On 5 March 2018, DCT signed an agreement with PIL, with which Djibouti intends to draw additional 300,000 TEU per year and demonstrate “the renewed confidence of operators” and its own willingness to diversify the terminal’s partners.
In its press release issued on Friday, 9 March, the Republic of Djibouti blamed DP World of “aberrant restrictions”, that the port operator imposed on the activity of DCT. Although the terminal was designed with the capacity of 1.6 mln TEU per year, DP World allegedly “wanted to limit it to import-export traffic to the local market and to Ethiopia, whose cumulative volume of annual activities represents about 800,000 containers/year”, says the press release.
To take over the activities of DCT, the Societe de Gestion du Terminal a Conteneurs de Doraleh (SGTD) was created. A public company with the State of Djibouti as the sole shareholder, its primary purpose will be to defend the sovereign interests of the nation. It will be responsible for promoting the terminal’s activities with a world-class standard of service with the aim to develop it into a major transshipment hub in the Red Sea.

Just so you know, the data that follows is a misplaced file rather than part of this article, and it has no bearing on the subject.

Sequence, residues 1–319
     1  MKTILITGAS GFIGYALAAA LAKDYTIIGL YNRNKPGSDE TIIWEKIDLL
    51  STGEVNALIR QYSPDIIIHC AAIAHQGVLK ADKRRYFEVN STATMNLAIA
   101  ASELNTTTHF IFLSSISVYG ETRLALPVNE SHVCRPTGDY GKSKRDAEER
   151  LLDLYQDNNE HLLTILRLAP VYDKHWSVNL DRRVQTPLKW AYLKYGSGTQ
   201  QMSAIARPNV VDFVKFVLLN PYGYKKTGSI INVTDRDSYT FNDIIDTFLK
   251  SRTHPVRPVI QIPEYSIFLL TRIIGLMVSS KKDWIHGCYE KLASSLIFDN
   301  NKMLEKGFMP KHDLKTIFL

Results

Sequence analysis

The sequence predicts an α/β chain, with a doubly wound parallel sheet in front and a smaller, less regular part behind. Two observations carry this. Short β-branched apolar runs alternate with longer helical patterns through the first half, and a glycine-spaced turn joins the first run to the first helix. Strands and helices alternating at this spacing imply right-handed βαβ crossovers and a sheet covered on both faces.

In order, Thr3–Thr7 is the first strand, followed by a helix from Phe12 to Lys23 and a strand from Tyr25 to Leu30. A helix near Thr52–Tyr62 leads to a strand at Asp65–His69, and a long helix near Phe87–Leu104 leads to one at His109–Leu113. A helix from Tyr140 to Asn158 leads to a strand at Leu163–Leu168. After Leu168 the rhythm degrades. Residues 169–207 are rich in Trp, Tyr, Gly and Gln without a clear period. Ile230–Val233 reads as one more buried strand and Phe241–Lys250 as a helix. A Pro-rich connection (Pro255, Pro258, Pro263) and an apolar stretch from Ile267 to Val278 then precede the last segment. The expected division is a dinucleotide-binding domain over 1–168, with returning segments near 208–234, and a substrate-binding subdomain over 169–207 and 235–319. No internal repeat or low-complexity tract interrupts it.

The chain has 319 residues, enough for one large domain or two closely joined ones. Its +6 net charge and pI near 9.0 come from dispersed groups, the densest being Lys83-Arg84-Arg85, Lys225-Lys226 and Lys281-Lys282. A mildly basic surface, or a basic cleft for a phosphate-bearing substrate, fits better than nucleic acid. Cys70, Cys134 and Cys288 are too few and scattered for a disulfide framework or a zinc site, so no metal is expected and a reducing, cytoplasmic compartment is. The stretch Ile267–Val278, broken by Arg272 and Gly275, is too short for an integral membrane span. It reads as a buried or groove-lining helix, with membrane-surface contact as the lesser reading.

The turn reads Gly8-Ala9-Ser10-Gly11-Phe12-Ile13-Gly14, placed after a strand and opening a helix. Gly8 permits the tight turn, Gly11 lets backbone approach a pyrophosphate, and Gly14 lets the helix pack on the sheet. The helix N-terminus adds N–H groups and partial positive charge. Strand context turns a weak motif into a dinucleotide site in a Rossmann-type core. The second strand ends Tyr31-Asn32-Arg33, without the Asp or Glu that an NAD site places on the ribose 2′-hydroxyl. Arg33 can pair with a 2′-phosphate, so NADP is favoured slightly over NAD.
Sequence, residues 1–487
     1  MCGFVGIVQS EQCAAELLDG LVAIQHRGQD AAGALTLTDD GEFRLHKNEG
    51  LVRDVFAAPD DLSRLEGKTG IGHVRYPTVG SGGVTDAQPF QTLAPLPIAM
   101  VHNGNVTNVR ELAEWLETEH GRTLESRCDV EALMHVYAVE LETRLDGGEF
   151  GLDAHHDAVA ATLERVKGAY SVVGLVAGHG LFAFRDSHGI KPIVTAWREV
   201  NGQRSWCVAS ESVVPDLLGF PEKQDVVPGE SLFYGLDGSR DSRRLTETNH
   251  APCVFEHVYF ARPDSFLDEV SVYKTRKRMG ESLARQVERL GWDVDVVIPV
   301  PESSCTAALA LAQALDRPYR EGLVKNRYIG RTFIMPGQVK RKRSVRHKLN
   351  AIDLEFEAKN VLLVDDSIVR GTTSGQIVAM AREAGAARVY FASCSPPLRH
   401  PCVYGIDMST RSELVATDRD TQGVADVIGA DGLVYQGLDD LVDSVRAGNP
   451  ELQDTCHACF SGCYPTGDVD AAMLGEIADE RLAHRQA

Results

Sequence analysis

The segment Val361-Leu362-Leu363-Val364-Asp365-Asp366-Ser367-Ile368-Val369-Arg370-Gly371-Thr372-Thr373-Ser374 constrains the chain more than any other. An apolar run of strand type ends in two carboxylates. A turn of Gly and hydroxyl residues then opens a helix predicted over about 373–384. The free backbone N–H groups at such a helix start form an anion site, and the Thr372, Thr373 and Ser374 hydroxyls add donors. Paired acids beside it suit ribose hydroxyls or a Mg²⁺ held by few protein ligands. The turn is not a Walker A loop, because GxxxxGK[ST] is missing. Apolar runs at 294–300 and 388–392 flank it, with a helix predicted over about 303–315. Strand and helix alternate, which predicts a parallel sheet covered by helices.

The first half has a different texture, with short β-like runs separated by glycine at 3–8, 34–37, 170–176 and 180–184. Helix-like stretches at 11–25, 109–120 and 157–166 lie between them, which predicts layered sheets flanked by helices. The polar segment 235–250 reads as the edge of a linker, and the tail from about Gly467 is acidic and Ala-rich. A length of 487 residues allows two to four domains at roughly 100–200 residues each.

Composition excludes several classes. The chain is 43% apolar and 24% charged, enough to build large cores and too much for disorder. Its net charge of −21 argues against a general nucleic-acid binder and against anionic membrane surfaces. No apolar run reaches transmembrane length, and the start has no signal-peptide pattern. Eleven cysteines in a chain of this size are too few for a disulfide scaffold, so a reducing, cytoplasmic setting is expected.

Earlier last week, there appeared reports that Djibouti seized control over the Doraleh Container Terminal in order to give it to China as a gift or as a debt pay-off. This may not be so improbable, bearing in mind that Djibouti relies heavily on the Chinese investment. Up to now, China has provided the country with over USD 1.4 bln in infrastructure funding, most of it in the form of loans from the Export-Import Bank of China.
Besides, China Merchants Port Holdings Co. Ltd. already holds 23.5% of Port of Djibouti S.A. (PDSA), the parent company of DCT, where PDSA owned 66.66%. DP World possessed the remaining 33% stake. The other shareholder of PDSA is the Djibouti government (76.5%).
These speculations gave rise to hot debates between the US, Djibouti and China about the growing Chinese influence in this strategic African region.